Embodiments of the present invention may be implemented with software. Presented in the COMPUTER PROGRAM LISTING section of this specification is a program written in the C programming language implementing an embodiment of the present invention. This program loads an image contained in a disk file and displays a compensated image using the “global” image enhancement technique described above. The user provides the virtual camera parameter and the program calculates the other constants necessary for the generation of the virtual image and the compensated image. Distribution and installation of this software (and other software that implements embodiments of the present invention) is generally accomplished using media well-known in the art, such as CDROMs.
 Hardware Implementation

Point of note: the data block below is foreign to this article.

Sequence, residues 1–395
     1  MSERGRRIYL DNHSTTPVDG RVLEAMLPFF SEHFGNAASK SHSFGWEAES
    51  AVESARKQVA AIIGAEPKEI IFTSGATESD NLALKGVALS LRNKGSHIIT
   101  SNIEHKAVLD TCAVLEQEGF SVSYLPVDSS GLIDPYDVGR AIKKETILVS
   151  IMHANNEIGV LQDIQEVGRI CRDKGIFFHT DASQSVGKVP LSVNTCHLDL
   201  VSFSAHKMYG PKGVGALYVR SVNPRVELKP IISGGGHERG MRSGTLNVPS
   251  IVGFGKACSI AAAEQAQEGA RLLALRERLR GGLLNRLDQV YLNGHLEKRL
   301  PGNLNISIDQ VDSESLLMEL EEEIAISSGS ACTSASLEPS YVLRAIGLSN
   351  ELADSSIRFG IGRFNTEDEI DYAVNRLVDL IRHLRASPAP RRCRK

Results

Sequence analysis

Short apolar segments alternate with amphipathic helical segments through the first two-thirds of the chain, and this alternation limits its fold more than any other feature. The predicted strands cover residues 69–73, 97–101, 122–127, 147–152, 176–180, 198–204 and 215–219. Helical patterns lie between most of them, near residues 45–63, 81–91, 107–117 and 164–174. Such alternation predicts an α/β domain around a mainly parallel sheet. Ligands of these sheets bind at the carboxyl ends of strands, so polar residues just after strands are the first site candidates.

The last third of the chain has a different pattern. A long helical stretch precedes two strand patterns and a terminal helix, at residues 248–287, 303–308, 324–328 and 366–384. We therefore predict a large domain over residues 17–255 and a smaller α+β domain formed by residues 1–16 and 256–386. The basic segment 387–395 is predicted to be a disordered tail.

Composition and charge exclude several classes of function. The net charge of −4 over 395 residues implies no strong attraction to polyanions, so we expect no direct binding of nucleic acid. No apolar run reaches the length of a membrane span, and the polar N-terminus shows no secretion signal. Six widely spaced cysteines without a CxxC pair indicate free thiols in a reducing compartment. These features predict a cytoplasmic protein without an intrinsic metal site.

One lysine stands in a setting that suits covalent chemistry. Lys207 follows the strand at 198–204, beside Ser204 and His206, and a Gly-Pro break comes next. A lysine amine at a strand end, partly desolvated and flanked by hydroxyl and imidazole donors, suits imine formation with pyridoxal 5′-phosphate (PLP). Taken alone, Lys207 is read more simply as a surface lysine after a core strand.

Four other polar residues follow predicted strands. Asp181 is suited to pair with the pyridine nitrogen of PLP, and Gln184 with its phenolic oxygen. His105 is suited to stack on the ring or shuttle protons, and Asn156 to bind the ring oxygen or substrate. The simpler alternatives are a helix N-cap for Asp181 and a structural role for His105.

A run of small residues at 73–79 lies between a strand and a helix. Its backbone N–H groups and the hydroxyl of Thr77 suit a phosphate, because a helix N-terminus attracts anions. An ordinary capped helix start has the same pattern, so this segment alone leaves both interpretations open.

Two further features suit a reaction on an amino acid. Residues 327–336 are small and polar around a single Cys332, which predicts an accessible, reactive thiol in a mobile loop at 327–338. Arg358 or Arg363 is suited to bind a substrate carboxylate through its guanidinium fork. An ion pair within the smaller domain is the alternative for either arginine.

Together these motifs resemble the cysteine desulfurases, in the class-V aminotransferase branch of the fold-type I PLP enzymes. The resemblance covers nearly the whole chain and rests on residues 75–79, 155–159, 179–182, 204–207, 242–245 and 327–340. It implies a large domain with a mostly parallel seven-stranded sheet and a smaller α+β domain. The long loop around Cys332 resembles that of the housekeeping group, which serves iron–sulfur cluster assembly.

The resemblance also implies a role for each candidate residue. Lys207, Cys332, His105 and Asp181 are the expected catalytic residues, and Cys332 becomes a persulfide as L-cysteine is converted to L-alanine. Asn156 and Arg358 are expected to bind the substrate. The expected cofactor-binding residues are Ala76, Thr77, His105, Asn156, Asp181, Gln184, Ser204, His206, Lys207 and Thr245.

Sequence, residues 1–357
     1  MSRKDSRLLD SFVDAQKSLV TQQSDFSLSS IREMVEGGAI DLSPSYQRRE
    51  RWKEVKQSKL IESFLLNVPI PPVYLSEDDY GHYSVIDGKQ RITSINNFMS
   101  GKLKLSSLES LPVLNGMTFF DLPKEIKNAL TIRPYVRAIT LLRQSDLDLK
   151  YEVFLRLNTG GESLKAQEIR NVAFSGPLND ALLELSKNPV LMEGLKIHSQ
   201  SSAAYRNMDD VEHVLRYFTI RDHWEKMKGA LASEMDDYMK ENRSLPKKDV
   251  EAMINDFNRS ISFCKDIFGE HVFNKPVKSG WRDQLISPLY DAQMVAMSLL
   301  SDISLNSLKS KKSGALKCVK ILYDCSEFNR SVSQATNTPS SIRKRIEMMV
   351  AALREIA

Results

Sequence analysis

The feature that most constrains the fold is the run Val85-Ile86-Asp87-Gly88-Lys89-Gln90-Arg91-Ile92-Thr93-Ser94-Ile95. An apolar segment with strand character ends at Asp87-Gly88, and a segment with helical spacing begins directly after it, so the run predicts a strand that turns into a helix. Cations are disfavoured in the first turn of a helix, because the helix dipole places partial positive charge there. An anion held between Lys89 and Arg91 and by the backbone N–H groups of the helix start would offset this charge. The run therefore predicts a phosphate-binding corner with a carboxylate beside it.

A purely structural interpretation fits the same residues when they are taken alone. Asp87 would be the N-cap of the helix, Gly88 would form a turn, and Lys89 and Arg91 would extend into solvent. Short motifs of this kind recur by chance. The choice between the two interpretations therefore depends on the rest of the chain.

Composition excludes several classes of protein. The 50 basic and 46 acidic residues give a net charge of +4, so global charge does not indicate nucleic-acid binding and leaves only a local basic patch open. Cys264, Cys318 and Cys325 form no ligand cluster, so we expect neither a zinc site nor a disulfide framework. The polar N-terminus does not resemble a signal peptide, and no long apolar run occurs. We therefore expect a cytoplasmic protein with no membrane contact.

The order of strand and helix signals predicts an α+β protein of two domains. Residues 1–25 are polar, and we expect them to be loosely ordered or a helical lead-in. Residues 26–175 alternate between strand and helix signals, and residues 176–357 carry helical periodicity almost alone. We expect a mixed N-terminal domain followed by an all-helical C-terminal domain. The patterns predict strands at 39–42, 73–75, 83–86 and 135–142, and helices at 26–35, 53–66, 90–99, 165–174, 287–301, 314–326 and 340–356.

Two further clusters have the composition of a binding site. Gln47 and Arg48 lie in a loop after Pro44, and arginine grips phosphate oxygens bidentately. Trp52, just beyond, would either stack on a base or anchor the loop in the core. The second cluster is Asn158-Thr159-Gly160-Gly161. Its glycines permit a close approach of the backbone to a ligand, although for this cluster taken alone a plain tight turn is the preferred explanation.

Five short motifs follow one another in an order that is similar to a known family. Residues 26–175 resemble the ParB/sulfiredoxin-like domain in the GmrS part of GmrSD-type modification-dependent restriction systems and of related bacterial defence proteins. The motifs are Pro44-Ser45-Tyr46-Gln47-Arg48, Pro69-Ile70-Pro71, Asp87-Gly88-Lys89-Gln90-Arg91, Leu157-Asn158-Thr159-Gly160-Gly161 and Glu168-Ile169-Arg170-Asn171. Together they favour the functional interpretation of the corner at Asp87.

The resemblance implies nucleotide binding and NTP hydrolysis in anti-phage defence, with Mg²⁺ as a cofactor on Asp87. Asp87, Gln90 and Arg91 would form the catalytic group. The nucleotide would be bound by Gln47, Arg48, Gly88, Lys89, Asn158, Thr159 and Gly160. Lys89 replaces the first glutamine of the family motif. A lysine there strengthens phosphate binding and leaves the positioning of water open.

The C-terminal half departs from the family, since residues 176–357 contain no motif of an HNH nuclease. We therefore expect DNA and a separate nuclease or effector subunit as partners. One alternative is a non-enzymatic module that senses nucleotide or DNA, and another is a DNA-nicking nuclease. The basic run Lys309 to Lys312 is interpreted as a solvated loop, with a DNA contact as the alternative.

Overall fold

Embodiments of the present invention may be provided by a computer-based system that executes software designed to implement an embodiment of the method of the present invention. FIG. 9 depicts a typical computer system that may be used in an embodiment of the present invention. Program code and parameter settings may be stored in a storage device 810, such as a disk drive, tape drive, solid state memory, or other storage devices known in the art. The storage device 810 may also store files containing uncompensated images and may be used to store files containing compensated images. Images may also be acquired using an image acquisition device 850, such as a CCD camera. A processor 820, for example, a commercially available processor such as a PentiumŽ microprocessor from Intel Corporation, is coupled to the image acquisition device 850 to receive the acquired image. The acquired image may be output in a digital form by the acquisition device 850 or the processor 820 may convert an acquired analog image to a digital image. The processor 820 executes the computer-based commands needed to perform the image compensation according to embodiments of the present invention. A user input device 840, such as a keyboard, is used to provide user-specified data and commands to the processor 820. A display device 830, such as a computer monitor, provides a display of the compensated image, or may provide a display of multiple images, such as both the original acquired image and the compensated image.